7 Reasons why we need Nuclear Energy

7 Reasons why we need Nuclear Energy

Asking about clean energy, we always ignore Nuclear Energy as a source of one of the cleanest fuels available on the planet. Let’s try to know these reasons.

Nuclear Radiation is Devastating: The Little Boy and Fat Man attacks on Hiroshima and Nagasaki respectively (during Second World War) are our only memories of Nuclear Radiation and the reason why we must fear it. In reality, all the useful resources can be corrupted for potential misuse in war tactics. We expect India will show maturity, and will soon become a signatory NPT (Non-proliferation Treaty for Nuclear Weapons), thus cementing its position as a contender for NSG (Nuclear Suppliers Group).

Nuclear Radiation Leakage and Chernobyl: So, we know that it happened in then USSR’s Chernobyl, which makes it a highly classified case. Being a parallel nuclear power, the US has always seen USSR as a threat to its dominance and tried telling the world its take on Chernobyl. Politicizing the issue with the help of documentaries and juxtaposing facts, US has been quite successful in its propaganda of proving USSR failed at Nuclear department.

Myth Buster of Chernobyl: Only 54 people died from the radiation leakage accident, but a lot has been stretched and the story is far-fetched. If people are exposed to a radiation leakage environment, that’s inhuman and must be investigated thoroughly. This is akin to throwing children in a pond filled with crocodiles, where only one outcome is possible. We are not denying the casualties due to the accident and its aftermath. We are only justifying that even a coal-fired power plant is dangerous when not maintained with proper safety. Rationally speaking, Nuclear Energy isn’t the villain here.

Fukushima Daiichi Leakage and lessons learned: We can learn a lot from the classic victim of Nuclear Disaster, Japan. With time, the island nation understood the reliance on cleaner sources of Energy and incorporated Nuclear Energy in its portfolio for an emission-free planet. On 11 March 2011, the Great East Japan Earthquake hit coasts of Japan, magnified into Tsunami, and affected the Fukushima Daiichi Nuclear Reactors. No casualties were reported amid leakage of fuel from two of the Nuclear Reactors. The planning and design parameters of a Nuclear Power Plant are of paramount significance, and we can hail Japan for showing how such accidents can be dealt with when the whole nation was already affected by the natural disaster duo.

The curious case of Kudankulam: A lot has been said and written about Kudankulam Nuclear Plant, and we need to understand what’s the viewpoint of rural Indian villagers, who are seeing their local river to be the source of steam for a Nuclear Power Plant. The staff’s mock drills, the shrieking sounds of high intensity (during valve opening of reactors), and the extra cautious behavior of staff (not allowing locals to be around the plant site) were portrayed by few as the reason for terror. It is easiest to corrupt the mind of an unaware person. That’s what happened in the case of Kudankulam. There never has been a case of leakage, and the miscommunication with local stakeholders was the only error, which the then NPCIL staff admitted. There’s a need for education regarding Nuclear Energy because myths created without justifiable evidence only widen the communication gap between communities.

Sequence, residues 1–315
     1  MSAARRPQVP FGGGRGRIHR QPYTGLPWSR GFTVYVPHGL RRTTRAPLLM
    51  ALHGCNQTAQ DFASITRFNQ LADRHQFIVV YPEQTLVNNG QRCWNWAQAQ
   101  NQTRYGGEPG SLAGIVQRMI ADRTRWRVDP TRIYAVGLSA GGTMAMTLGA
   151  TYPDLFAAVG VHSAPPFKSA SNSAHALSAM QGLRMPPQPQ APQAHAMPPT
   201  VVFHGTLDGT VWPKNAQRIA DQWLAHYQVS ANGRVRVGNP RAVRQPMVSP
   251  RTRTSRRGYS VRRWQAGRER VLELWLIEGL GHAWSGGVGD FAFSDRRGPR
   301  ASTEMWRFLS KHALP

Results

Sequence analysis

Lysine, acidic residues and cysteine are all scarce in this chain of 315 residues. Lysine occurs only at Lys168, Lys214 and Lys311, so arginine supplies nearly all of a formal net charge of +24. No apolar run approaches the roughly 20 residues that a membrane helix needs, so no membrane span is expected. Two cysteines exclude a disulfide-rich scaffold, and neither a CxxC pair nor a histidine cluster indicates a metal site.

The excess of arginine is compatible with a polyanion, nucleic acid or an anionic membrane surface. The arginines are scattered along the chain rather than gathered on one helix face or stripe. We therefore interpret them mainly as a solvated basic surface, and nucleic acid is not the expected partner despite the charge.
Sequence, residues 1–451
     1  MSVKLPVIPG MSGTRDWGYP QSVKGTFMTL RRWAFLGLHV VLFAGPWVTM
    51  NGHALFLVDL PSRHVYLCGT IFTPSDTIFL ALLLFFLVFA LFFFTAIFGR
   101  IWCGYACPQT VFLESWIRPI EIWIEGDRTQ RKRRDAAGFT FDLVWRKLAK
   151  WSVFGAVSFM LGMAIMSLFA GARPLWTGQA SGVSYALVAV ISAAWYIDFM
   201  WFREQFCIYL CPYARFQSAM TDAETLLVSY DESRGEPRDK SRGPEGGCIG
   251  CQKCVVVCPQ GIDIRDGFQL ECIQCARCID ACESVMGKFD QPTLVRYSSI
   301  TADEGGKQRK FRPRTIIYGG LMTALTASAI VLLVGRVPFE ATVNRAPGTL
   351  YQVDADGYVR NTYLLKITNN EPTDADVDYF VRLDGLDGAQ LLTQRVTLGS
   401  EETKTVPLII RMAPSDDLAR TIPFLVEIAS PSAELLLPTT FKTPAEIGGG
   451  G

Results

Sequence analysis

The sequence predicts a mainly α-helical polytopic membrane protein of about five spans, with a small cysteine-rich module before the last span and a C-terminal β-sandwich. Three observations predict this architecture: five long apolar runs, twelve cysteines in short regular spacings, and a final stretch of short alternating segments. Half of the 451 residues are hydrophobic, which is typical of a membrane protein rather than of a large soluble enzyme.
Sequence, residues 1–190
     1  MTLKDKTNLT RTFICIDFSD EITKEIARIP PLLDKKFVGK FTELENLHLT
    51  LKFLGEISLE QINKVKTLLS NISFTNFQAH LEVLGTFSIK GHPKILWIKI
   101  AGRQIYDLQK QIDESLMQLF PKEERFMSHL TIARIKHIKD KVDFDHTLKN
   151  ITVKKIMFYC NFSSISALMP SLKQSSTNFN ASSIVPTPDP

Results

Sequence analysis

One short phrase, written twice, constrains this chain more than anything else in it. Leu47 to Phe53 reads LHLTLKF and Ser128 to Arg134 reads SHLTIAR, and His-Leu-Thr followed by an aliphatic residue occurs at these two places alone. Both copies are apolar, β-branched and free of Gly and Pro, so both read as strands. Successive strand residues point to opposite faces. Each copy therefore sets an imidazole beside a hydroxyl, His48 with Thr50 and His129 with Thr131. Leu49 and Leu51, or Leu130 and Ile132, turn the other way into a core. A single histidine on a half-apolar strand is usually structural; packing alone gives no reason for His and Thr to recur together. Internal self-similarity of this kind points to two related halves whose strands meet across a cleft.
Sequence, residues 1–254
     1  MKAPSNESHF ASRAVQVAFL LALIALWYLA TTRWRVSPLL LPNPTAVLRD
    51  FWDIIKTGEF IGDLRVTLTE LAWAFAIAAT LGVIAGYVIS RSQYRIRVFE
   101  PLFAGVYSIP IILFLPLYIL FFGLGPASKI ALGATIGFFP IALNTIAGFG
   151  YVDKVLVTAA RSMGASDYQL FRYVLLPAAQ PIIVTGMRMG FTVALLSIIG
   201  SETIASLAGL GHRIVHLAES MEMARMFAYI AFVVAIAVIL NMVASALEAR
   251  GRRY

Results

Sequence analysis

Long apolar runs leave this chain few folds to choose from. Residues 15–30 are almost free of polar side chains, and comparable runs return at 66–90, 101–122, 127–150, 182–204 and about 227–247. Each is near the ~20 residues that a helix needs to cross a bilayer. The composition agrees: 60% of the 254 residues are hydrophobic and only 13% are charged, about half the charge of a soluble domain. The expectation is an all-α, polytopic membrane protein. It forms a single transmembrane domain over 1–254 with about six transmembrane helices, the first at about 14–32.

Controlled Fission reaction: An atom of heavier mass splits into two, releasing some unusual amount of energy in the form of heat radiation, gets controlled in an isolated system, and the continuous chain reaction keeps releasing this heat at the expense of saving thousands of tons of coal each day. We must be thankful for this heavy element consortium (Uranium, Plutonium, Thorium, etc.), as these can be our weapon of mass destruction in our fight against Global Warming and Climate Change. With complete combustion or fission, approx. 8 kWh of heat can be generated from 1 kg of coal, approx. 12 kWh from 1 kg of mineral oil and around 24,000,000 kWh from 1 kg of uranium-235. Related to one kilogram, uranium-235 contains two to three million times the energy equivalent of oil or coal.

Final Thoughts

If right now all the non-renewable sources are shut down, we do not have the guarantee or evidence that 100 percent renewable energy system is even possible, let alone feasible or sensible. We do not know if all the available resources including the nuclear have the capability to take the world out of the danger of climate change. But we do have enough evidence that so far nuclear has been the most effective solution for decarbonizing energy production. The evidence so far suggests that nuclear power is one of the most essential tools we have in mitigating climate change. [Source: Climate Gamble]

Ajay Dixit

Ajay is currently working as a consultant at Climate Connect Technologies Limited. He is an M.Sc in Environmental Sciences. An avid practitioner of Eco-friendly lifestyle himself, he likes to advocate the same to the masses. 

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